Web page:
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Mass Liquor Regulators Banish Hemp-Derived THC From Packie Shelves

Alcoholic Beverages Control Commission teams up with Department of Public Health and Department of Agricultural Resources to ban synthetic cannabinoids

The fate of hemp-derived synthetic THC products that get you high has been in limbo for months in Massachusetts. Since the influx of these so-called loophole products on liquor and convenience store shelves caught the attention of legislators and regulators, there have been multiple hints that an iron fist was soon to swing.

The big question was, Where is it going to land? And, On who? And this week, we got a pretty good idea, with the Mass Alcoholic Beverages Control Commission (ABCC) piggybacking a May 29, 2024 “joint notice regarding food and beverages containing hemp derived CBD and/or THC” issued by the Department of Public Health (DPH) and the Department of Agricultural Resources (MDAR). As the ABCC summarized in its alert to restaurants and package stores:

Please be advised that it is unlawful to manufacture and/or sell food or beverages containing hemp derived CBD and/or THC. This applies to alcoholic and non-alcoholic beverages. These products must be taken off the shelf immediately. Any licensee found in violation of importing, manufacturing, transporting, selling, and/or possessing on its licensed premises food and/or beverages containing hemp derived CBD and/or THC faces potential suspension or revocation of its license. Wholesalers must retrieve all food and beverages containing hemp derived CBD and/or THC sold and/or delivered by them to retail licensed premises at or before their next delivery to each establishment.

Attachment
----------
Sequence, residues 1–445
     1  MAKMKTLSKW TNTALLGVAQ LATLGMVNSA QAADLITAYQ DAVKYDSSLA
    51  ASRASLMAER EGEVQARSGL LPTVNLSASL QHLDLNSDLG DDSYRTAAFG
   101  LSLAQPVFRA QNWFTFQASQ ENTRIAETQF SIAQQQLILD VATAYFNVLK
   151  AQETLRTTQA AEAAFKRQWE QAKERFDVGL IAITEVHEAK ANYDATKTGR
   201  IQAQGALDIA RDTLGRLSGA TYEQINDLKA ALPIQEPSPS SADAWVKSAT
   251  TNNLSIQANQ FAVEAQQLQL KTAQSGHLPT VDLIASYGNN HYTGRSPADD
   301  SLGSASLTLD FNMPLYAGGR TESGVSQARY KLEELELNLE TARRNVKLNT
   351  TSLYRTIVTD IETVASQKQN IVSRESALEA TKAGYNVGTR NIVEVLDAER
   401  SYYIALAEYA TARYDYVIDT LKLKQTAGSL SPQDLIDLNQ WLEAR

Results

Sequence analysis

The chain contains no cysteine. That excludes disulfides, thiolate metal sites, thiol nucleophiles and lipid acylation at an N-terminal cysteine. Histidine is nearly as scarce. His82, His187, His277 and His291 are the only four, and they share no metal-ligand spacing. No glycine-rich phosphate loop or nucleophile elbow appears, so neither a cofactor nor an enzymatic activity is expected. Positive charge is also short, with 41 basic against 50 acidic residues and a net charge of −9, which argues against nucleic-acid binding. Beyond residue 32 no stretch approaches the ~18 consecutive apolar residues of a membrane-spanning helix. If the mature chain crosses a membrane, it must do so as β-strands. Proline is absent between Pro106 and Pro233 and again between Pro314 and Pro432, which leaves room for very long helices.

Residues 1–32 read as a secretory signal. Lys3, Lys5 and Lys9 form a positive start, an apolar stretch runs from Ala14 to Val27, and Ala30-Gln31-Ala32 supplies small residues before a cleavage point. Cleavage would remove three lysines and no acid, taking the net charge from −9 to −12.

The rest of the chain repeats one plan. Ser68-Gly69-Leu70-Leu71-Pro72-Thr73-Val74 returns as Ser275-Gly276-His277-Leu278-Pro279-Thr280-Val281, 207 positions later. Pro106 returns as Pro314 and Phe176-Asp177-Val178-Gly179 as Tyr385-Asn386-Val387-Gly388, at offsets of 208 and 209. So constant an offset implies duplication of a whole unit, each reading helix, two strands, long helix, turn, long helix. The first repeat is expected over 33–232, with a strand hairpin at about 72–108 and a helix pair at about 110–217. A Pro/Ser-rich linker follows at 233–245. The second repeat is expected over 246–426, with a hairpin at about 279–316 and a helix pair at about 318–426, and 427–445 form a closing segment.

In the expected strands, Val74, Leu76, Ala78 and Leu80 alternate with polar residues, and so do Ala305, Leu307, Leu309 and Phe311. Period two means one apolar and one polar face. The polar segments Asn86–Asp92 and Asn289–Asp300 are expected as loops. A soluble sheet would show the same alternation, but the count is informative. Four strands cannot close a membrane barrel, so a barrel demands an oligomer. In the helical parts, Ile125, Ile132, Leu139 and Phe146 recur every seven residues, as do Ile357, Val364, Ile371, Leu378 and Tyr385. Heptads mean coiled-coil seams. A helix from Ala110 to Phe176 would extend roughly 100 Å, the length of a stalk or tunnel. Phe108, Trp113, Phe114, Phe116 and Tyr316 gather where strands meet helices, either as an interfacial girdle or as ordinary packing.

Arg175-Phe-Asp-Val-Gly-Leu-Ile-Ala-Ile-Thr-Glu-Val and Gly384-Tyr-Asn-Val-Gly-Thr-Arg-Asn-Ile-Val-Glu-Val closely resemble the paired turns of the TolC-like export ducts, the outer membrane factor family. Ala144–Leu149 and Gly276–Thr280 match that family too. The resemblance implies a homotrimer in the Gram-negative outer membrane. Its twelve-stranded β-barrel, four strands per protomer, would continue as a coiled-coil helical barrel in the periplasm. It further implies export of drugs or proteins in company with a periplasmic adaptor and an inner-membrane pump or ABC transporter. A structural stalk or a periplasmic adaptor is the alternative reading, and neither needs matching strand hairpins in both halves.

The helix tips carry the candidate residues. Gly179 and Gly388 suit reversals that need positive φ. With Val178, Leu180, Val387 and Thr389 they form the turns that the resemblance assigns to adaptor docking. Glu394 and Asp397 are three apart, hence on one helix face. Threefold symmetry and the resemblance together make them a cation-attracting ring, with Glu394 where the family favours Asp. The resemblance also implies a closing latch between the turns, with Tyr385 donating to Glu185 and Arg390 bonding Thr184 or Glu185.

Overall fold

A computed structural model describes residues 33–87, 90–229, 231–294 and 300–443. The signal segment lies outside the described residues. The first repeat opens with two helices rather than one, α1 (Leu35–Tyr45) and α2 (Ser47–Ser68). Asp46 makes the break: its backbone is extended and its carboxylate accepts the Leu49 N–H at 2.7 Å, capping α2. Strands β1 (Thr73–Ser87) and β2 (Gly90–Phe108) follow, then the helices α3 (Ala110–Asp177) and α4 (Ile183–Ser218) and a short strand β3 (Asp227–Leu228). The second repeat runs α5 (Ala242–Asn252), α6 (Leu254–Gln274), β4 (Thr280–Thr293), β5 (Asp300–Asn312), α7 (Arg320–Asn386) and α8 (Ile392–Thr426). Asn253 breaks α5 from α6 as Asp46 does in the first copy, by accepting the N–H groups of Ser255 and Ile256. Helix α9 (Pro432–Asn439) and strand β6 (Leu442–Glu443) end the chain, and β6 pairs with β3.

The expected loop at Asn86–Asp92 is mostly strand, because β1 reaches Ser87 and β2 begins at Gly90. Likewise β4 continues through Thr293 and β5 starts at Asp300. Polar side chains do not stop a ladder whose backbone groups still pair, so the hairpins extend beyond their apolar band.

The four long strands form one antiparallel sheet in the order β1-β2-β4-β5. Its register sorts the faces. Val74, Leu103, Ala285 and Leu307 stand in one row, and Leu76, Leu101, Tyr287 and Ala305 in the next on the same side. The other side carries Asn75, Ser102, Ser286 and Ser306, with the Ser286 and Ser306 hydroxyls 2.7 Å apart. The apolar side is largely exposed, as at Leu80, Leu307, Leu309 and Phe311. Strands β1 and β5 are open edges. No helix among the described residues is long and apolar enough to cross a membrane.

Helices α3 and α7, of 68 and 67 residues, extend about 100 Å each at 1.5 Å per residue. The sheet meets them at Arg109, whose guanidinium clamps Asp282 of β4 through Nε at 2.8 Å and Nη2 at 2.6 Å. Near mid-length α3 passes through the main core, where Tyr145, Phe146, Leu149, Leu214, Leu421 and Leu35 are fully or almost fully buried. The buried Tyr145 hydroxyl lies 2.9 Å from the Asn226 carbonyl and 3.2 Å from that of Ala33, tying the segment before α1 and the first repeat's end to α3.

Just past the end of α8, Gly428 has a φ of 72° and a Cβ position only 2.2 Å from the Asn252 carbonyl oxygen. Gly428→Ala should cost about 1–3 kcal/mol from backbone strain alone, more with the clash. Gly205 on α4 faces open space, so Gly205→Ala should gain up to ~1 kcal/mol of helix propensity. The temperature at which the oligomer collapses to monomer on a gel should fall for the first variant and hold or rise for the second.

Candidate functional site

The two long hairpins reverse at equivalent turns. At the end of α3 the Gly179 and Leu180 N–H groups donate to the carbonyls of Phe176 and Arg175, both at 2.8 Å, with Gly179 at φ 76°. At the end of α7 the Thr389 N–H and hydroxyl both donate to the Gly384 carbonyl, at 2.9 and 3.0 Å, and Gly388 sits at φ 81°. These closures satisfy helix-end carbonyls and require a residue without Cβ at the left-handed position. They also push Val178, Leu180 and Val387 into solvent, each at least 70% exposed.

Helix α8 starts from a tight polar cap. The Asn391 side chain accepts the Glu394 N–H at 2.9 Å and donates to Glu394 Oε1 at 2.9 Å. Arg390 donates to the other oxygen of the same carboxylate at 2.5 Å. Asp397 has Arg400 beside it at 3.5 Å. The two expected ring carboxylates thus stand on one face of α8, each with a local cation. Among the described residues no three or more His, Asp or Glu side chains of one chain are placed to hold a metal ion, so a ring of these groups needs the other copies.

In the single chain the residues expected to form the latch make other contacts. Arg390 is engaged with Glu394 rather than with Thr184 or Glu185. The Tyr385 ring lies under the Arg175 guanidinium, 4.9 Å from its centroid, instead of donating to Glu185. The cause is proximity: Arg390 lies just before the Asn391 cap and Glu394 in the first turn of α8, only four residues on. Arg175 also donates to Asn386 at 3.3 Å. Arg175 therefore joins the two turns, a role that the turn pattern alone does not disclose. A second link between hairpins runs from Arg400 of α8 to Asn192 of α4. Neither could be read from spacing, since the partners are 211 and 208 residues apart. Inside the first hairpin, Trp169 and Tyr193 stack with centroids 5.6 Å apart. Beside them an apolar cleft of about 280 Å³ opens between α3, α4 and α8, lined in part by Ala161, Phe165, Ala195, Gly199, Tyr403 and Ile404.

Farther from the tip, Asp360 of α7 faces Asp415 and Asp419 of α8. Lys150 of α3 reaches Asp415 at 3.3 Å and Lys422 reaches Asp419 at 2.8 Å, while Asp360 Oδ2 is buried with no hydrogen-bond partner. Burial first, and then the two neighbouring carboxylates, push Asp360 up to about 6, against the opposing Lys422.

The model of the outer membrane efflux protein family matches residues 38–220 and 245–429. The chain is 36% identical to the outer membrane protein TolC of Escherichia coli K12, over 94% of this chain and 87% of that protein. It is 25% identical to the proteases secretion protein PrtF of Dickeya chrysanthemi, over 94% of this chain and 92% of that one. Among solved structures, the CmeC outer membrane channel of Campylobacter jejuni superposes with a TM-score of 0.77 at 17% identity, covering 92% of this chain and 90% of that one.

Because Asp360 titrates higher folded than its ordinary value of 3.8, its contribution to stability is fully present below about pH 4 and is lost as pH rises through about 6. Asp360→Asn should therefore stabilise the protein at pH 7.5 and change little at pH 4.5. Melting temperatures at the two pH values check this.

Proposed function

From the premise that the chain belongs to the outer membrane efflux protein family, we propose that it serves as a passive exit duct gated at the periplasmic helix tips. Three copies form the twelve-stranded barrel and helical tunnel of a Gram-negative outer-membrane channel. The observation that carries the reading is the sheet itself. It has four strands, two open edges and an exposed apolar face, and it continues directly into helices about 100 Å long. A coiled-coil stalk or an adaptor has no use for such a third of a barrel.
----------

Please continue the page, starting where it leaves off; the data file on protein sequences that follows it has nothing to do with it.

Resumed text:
The advisory, formally published on May 30, “does not apply to marijuana products manufactured under the jurisdiction of the Cannabis Control Commission.” In an attached FAQ, the DPH notes, among other stipulations:

  • As with other food, because CBD and THC are not approved ingredients under the Federal Food, Drug and Cosmetic Act, they may not be added to bottled water and carbonated non-alcoholic beverages. Only retail establishments licensed and regulated by the Cannabis Control Commission may sell beverages that include THC as an ingredient.

  • The MDAR Hemp Program has stated that because delta-8 THC is not naturally occurring in hemp (except for possible trace amounts), to produce delta-8 THC in commercial quantities it must be derived from hemp synthetically. While the Farm Bill did remove hemp from the Controlled Substances Act, it did not impact the control status of synthetically derived cannabinoids, thus delta-8 THC remains a controlled substance, regardless of the source. As a result, the MDAR Hemp Program does not allow hemp derived delta-8 THC products to be processed or sold in Massachusetts.

  • Ingredients not specifically addressed by regulation must nonetheless comply with all applicable requirements, and no ingredient – including a cannabis or cannabis-derived ingredient – can be used in a cosmetic if it causes the product to be adulterated or misbranded in any way.

This story is ongoing in every way—from seeing what kind of enforcement state agencies and local authorities bring on this issue, to potential legislative action. On June 11, the Joint Oversight Hearing on Hemp Regulation has a hearing scheduled on Beacon Hill, where advocates and interests from all sides are sure to speak up on this and various tangential topics.

For more information on hemp in the Bay State, check out our recent five-part series on the subject and stay tuned for upcoming coverage.